Choice and flexibility: we talk to Midwich about the technology challenges surrounding hybrid working.

It has been a utopia for many years - flexible working without the stigma – now for many, it’s a reality, but its not without its challenges.

Many businesses are embracing this new opportunity, keen to find that crucial balance between productivity and wellbeing; to attract a new generation of talent whilst also meeting the needs of its established workforce.

Our Simon Hayes, meeting room and collaboration specialist, talks to Chris Southern of Midwich about the potential challenges and how these might be overcome.

Chris Southern, General Sales Manager, Enterprise solutions, Midwich Ltd.



Simon: 2020 saw many businesses perform a miracle as they remote work-enabled their workforce under very challenging circumstances. Now the dust is starting to settle, what is the key focus for businesses now?

Chris: With a vast amount of experience gained, businesses are now looking to invest in technology which will support their hybrid workforces for the foreseeable future. The shape of hybrid work will be different for every individual, this, after all, is what flexible- and agile-working means; the key is to ensure that wherever your workforce are, they feel connected.

2020 was about working from home, but many workers don’t have the space available and there’s potential for conflict. Now, businesses are looking for technology which supports a ‘work from anywhere’ concept.


Simon: To advocate working from anywhere, businesses need to find a way to balance remote and in-office work, what’s the best way to achieve this?

Chris: The best way to do that is to make sure that travelling to a dedicated place of work feels worthwhile and results in a productive use of time. In-person meetings will continue to be vitally important for business and providing a space that’s conducive for creative thinking and collaboration is key. One element of this is the technology; there are likely to be remote participants who must feel as part of the meeting as if they were in the room, but it goes beyond that.

The space itself must be welcoming and comfortable. I believe the future is flexible spaces which can adapt to changing needs and can easily accommodate different group sizes with social distancing and environmental conditions remaining an important consideration for comfort and wellbeing. Using sensor technology is a smart way to manage meeting room parameters such as optimising air quality and matching usage to capacity.


Simon: What do you think is one of the biggest issues which workers face when they use a meeting space?

Chris: Connectivity! There is nothing more frustrating than technology when technology doesn’t work. Meeting room AV equipment should be there to help and facilitate, but so often it has its little quirks. A jumble of cables, a need for an adapter, a lost remote control, no signal . . .

IT departments are notoriously resource-stretched, and they shouldn’t be called upon for what should be such a straightforward task. A simple connection that ‘just works’ is what’s needed, and hard-wired is often the easiest and most common solution used.


Simon: You mention resource-stretched IT personnel, in what other ways can technology help relieve the pressure?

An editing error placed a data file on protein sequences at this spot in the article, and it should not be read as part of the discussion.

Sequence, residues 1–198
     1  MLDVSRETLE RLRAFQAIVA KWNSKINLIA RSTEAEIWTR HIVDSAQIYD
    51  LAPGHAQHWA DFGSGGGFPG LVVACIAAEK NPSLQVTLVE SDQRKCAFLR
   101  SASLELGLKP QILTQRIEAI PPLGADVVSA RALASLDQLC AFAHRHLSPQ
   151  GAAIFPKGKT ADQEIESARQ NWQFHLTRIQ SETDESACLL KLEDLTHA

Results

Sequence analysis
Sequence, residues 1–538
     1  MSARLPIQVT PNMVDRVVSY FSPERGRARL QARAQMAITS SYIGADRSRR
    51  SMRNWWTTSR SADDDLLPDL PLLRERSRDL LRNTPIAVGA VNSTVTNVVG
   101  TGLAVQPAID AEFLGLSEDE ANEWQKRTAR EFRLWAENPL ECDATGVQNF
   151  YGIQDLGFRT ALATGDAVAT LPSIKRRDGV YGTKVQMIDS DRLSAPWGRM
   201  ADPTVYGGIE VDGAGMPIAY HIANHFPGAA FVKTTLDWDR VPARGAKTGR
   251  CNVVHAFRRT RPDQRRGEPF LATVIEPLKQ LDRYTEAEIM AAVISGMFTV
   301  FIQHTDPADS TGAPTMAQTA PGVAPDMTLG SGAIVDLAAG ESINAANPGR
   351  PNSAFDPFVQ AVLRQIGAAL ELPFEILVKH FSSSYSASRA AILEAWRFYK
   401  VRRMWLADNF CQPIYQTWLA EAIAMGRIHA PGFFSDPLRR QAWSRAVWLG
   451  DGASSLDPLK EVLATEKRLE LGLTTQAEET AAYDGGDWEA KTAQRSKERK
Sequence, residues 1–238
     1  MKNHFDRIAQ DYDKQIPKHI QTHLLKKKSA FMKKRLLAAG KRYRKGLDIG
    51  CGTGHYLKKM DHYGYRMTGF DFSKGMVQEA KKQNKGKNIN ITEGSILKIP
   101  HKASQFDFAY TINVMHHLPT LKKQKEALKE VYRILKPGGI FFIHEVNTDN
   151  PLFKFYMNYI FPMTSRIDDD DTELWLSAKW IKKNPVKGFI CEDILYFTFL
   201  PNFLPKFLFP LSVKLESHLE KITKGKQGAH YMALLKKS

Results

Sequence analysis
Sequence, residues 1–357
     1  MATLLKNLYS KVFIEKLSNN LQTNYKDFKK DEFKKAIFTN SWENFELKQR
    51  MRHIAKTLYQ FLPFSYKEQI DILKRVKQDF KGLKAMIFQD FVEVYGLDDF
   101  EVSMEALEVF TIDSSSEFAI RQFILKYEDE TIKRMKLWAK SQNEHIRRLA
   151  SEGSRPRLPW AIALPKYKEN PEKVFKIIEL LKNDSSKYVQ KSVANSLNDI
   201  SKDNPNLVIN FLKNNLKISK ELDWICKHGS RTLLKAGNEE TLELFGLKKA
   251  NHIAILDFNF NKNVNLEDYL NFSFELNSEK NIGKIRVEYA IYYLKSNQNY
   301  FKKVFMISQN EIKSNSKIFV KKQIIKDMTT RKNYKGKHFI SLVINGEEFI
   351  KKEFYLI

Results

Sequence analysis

Chris: If users are able to access already-familiar tools and applications, there will be less need for time consuming training and less need for additional support. This is empowering for the more traditional workforce too, if they can continue to use what they are already comfortable with, they won’t feel intimidated and resistant to change. This is where Bring your own Device (BYOD) or Bring your own Meeting (BYOM) initiatives have been so influential. By plugging in their own laptop or tablet, workers continue to use their familiar interface, just on a much bigger screen which can be shared with other meeting participants.

Standardisation is another way to help ease the load. Replicating the technology across multiple locations helps users to become more familiar with the set up, and it also benefits support teams in a similar way.


Simon: Making people feel connected is an important point you raised. Is it really possible for a remote worker to feel as engaged and valued as his in-room colleagues?

Chris: Our lockdown UC experiences have helped to normalise video meetings, everyone feels more confident and comfortable with the camera on, and we are more forgiving of the slightly awkward protocol. What is absolutely vital is the quality of the audio and visual experience.

There are many peripherals and tools to choose from but opting for a solution which has been certified by Microsoft or Zoom will give the peace of mind that compatibility between vendors is proven to provide a high-quality user experience. If you can be seen and heard as if you were in the room with your colleagues, this is the next best thing to being there yourself.

Simon: How do you think Sharp/NEC can help businesses with the changing workplace landscape?

Chris: One stand out advantage of Sharp/NEC is the breadth of its offering and how it can customise an entire solution to perfectly match the needs of the application. We’re talking today specifically about hybrid working and the challenges that this might create; the NEC WD551 Windows Collaboration Display is purpose-designed to provide the functionality that businesses and their workforce need. I’m very happy that Midwich is able to offer this solution as part of our enterprise portfolio.

Simon: Thank you Chris. There might be challenges ahead, but there are also some very exciting opportunities! Great to be working with you.


Learn more about hybrid working and what it means for the future:

Go to hybrid working doc

Human, not machine: as workflow patterns shift, how do we balance productivity with well-being?

Go to blog


Find more videos about the WD551 in our playlist